My sister, Laurie Walsh, died on Saturday, January 23, 2010, at the age of 46. She was a sweet, generous, loving mother, wife, sister, daughter, aunt and friend. She leaves behind an 11 year old son (and light of her life) and a husband.
Over 150 people attended Laurie's funeral service on January 25, on a day of truly horrible weather (pouring rain and driving winds). The outpouring of love for Laurie was overwhelming. We, her family, always knew how special she was, but we had no idea how much she had touched the lives of so many others.
Here's how I see it: Laurie was a true American hero. She believed in and dedicated herself to life, liberty and the pursuit of happiness.
Life: Laurie did not have it easy. For the last ten years of her life, she was ill, fighting auto-immune diseases and other challenges. But she refused to let it stop her or dissuade her from doing the things she wanted and needed to do for her family and for herself. She was always cheerful and positive with friends and family. She was determined to live her life as fully as she could.
Liberty: Laurie was her father's daughter. She did not want to depend on others, whether physically or financially - and like her father she was very stubborn. What this meant was that Laurie was always ready and willing to pay a long term price (with her medicines, for example) so that in the short term she could keep going, stay functional, maintain as normal as possible a life for her son.
And then...the "long term" became the now...and she paid the ultimate price.
Pursuit of happiness: Laurie was all about love, especially love of children, love of being with children, taking care of children, making children laugh and making sure they knew how special they were, each and every one. But there were two people in the world who were the very wellspring of happiness for Laurie: her son and her husband. I am so thankful that Laurie met her husband and that her son came into this world to give intense purpose and focus to Laurie's life.
Laurie struggled with learning in conventional ways in school, but she was an incredibly determined fighter - once she set an objective for herself, she never let up until she achieved her objective. And so it was that she graduated with a B.S. in microbiology from Stonybrook University on Long Island and took a job as a medical technologist and phlebotomist at NYU Medical Center. Her friend Susan told us that the doctors at NYU would seek out Laurie to do the testing for their patients because she was so competent and dependable.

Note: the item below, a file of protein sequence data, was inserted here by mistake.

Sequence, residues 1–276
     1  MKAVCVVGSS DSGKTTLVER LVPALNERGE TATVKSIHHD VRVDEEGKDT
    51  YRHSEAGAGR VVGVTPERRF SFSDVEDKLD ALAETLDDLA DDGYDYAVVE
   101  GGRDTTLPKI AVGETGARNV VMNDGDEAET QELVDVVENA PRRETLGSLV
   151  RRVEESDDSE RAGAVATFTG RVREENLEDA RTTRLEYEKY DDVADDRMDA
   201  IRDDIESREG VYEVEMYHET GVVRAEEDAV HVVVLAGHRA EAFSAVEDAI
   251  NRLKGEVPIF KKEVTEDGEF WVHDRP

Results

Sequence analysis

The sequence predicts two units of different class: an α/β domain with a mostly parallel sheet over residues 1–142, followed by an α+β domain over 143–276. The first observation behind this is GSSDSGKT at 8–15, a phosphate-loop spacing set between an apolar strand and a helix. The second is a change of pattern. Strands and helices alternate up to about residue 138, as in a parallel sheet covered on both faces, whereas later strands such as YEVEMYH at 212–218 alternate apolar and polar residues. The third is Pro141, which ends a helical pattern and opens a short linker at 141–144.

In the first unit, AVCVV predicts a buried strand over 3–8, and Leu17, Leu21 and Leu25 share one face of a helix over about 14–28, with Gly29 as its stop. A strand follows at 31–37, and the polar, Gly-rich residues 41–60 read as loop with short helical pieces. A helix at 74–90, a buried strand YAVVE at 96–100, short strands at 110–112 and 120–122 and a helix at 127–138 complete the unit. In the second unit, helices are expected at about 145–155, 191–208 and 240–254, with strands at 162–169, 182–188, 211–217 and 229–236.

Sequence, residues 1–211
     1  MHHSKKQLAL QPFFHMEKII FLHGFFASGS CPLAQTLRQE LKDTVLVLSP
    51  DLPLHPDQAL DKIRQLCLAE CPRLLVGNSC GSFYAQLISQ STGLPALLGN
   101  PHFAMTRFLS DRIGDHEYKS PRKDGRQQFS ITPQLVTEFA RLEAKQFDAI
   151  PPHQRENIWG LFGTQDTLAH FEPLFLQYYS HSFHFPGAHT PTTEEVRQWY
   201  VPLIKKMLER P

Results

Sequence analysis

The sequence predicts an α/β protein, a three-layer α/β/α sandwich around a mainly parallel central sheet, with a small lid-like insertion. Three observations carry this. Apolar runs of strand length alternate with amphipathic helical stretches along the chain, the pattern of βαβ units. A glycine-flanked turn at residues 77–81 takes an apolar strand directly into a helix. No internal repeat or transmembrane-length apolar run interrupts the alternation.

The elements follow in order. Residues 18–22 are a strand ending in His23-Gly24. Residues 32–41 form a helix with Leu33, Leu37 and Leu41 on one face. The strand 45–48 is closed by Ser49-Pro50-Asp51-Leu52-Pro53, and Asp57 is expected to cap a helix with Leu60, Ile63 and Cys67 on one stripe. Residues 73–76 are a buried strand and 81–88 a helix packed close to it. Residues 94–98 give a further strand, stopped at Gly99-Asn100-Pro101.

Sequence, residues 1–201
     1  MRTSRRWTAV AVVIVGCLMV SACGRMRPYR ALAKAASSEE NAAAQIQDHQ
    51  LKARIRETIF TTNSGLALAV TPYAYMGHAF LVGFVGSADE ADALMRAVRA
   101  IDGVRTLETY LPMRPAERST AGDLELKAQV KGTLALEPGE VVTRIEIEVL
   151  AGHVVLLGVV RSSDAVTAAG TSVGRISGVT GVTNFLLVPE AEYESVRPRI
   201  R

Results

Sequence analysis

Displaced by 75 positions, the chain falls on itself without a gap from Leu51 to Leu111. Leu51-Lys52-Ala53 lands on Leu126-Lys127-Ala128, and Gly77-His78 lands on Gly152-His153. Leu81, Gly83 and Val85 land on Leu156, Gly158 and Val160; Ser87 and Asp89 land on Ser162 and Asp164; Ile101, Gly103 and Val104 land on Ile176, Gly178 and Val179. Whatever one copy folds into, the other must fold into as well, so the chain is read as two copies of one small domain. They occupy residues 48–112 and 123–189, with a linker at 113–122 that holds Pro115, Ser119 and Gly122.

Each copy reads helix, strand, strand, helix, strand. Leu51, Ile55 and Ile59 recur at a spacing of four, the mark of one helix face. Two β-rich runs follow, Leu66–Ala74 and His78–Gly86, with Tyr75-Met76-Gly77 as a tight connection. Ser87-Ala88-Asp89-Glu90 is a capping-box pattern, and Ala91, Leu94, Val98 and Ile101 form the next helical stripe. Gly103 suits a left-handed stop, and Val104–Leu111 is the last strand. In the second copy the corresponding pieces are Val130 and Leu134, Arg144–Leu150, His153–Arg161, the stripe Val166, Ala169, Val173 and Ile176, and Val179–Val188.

When she became pregnant, she had to quit the job and always missed it greatly. She could have gotten the job back, but it would have required working nights and/or weekends, and she refused to compromise on spending time with her son. Her son arrived early and required lots of diligent mothering, from which Laurie never shirked. And from her son's birth to Laurie's death, children (first and foremost her son, of course) became the central theme of Laurie's time and effort.
Laurie was the president of the Parent's Association at her son's school, ran the Scholastic book program, and volunteered for any and every job. She taught herself how to use the computer and Internet to make cards and menus for events, keep track of payments and volunteers, and so much more. Her friends begged her to do less, to take it easy, but she refused with indignation to let up in any way.
Laurie worked as a teacher's assistant at the Central Queens Y, surrounding herself with children - and every single one of them was special to her, was greeted with a big smile. One teacher told me how a parent would arrive with a child who was upset, hysterical with crying, her nose running - a real mess. Kind of disgusting - but not to Laurie. She would welcome that child as if no one in the world could ever make her happier, as if she would rather do nothing else than wipe that kid's nose and give a big hug.
As a Feuerstein, Laurie inevitably harbored strong creative inclinations. She did a lot of drawing when she was young, but as an adult she found her artistic medium of choice in scrapbooking. She made the most wonderful scrapbooks, and she made everything from scratch - no shortcuts for her! She also loved to take photographs - of family events, of activities at school, of (more than anything and anyone else) her son. Shelley, a teacher for whom Laurie worked, told us that Laurie had a special gift: she could capture in her photos the inner life of a child, that you could see in her photos what a child was thinking, feeling, hoping for their lives.
[I hope to be able to post these photos and also scrapbook pages on the Internet at some point so we can all appreciate her work.]
My father died on January 9. He lived a long, full, life (for more about Sheldon Feuerstein click here) and while I miss him greatly, his death made sense in a way. It was part of a normal course of life and death.
But Laurie? I cannot make sense of Laurie's death. Her life was too much of a struggle, her death came much too soon and left too much pain and suffering in its wake.
But if she were here now, reading this, she would scoff at me. She would tell me that you play with the cards you are dealt and you make the most of what you are given in life. So that is what we will do: make the most of and with the life of her smart, funny son with a big, bright smile.
And, you know, I find that I can sum up Laurie's life in one word: love.
She was all about love: giving it in great abundance, taking it from others in every possible moment and form, shining her incredible smile on the children around her, making them feel special - and loved.
Laurie Feuerstein Walsh - we loved you and we will always miss you.
[Laurie was a member of Young Judea and greatly enjoyed a school year spent in Israel as part of that program. We ask that donations in her memory be made to Hadassah's Young Judea program.]